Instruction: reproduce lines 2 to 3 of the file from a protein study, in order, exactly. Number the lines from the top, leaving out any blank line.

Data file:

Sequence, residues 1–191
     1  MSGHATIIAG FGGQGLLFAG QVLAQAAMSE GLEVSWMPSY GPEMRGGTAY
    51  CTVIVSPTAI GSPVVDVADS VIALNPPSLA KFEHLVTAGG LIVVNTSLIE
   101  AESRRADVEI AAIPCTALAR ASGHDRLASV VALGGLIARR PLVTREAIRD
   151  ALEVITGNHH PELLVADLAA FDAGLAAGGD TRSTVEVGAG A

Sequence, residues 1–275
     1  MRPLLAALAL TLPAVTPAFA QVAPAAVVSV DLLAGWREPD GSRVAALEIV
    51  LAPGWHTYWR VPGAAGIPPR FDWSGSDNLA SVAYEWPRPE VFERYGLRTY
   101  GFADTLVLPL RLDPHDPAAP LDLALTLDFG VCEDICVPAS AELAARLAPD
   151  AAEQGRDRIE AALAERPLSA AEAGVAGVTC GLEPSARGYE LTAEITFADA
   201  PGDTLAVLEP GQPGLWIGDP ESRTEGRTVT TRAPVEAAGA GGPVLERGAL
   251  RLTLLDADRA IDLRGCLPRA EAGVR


     1  MSGHATIIAG FGGQGLLFAG QVLAQAAMSE GLEVSWMPSY GPEMRGGTAY
    51  CTVIVSPTAI GSPVVDVADS VIALNPPSLA KFEHLVTAGG LIVVNTSLIE